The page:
We find ourselves dragged kicking-and-screaming into cyber Monday. I’m sure that as St Andrew was tied to a rakishly-angled cross, he was dreaming that one day his sacrifice would be marked by a torrent of emails trying to flog me (and many more besides) discounted tat.
Cyber Monday does sound worryingly like a normal Monday which has had various of its biological parts replaced with technological augmentations. It would certainly appear that resistance is futile and that our individuality is as nothing in the face of this new onslaught. In deference to its Greek etymological roots, I insist on pronouncing ‘cyber’ with a hard C which does rather bring Sir Sidney Ruff-Diamond to mind – but also hope that it will pass.
Anyway, that is more of an amuse bouche than the main meat of my thesis. The weekend was preceded by the soi-disant Black Friday, an event imported from the US without also acquiring the associated bank holiday which gives it the ‘meaning’. Given that the main purpose of the day appears to involve acquiring electrical goods during a riot, it seem more natural to hold the UK version of the event on a Friday in early August to commemorate the events of 2011.
It would seem that I am railing in vain against this new addition to the continued commercialisation of the calendar – despite a savagely satirical post at roughly this time last year. I could begin to suspect that GofaDM is not having the world-changing impact I had been imagining! I realised all was lost when the universe started taking the name seriously and delivered an almost Black Friday with oppressive cloud cover meaning that the day barely became light.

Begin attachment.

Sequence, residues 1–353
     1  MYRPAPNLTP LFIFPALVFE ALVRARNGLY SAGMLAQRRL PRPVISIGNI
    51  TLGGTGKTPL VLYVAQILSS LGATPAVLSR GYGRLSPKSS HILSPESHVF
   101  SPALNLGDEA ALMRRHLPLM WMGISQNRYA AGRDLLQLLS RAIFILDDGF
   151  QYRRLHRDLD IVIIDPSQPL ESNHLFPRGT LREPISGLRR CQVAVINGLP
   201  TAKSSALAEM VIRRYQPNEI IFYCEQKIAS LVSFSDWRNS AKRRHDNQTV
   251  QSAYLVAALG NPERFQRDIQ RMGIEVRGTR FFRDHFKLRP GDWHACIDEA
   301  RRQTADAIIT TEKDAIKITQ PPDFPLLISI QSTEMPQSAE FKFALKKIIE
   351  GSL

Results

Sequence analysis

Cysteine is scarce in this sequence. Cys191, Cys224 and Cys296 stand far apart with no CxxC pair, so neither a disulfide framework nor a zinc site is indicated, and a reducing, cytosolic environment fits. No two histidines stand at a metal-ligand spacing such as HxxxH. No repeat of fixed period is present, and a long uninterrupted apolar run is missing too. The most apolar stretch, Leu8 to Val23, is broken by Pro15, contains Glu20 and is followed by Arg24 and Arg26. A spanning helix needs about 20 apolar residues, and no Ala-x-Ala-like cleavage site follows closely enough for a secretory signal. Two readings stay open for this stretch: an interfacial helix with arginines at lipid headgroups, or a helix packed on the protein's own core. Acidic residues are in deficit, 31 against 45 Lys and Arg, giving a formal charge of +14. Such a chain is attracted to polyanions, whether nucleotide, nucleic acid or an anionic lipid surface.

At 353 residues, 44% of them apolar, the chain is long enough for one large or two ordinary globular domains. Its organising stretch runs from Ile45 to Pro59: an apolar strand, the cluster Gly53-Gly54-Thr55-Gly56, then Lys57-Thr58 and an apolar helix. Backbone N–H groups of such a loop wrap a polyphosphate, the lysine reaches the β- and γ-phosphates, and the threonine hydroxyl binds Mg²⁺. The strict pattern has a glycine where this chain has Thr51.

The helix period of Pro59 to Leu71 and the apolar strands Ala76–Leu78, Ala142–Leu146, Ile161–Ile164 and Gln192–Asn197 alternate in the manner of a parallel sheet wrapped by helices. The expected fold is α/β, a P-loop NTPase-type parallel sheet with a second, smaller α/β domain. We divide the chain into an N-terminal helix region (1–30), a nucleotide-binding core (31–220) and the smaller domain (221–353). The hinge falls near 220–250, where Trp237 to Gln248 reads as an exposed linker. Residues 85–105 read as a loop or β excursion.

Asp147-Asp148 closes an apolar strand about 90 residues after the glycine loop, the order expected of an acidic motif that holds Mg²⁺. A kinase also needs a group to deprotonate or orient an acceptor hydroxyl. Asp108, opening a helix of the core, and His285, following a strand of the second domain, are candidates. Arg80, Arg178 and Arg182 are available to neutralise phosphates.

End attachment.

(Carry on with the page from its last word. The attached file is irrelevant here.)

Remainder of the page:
When I was a lad, there used to be a recursive story, in which each iteration of the tale began with the words “It was a dark and stormy night…”. Of late, while the nights remain dark they seem to be relatively storm-free. The frequent storms which have afflicted November seem to be focusing their efforts on the daytime: when I need to be out-and-about on Shank’s pony or my bike. There has seldom been a better time to be a vampire: near 24 hour (at least semi) darkness and excellent travel conditions in the middle of the night. My gym, at least is open 24/7, and so I have been tempted to reorder my life to a more nocturnal pattern. I’d be a lot less windswept and my waterproofs would see rather less service. I could go the the theatre and/or music gigs between breakfast and lunch in my version of the morning. All I need is a job based around the working hours of the land of Oz…
I begin to suspect that the stories of my youth may not have been climatically accurate. Or is this another element of the malign influence of climate change? I don’t remember the UK being so windy when I was a nipper, but I suppose I did spend rather less time on a bicycle in those days. Maybe it is of a piece with the rather misleading advice on Iberian precipitation promulgated by the musical My Fair Lady. Despite the insistence of one of that pieces most popular numbers, the rain in Spain falls mainly on the higher ground with the plains being rather arid. It would seem that just because something rhymes, it doesn’t make it true. Still, it could be worth a try: has any political party ever tried using rhyme to make its lies and half-truths a tad more palatable?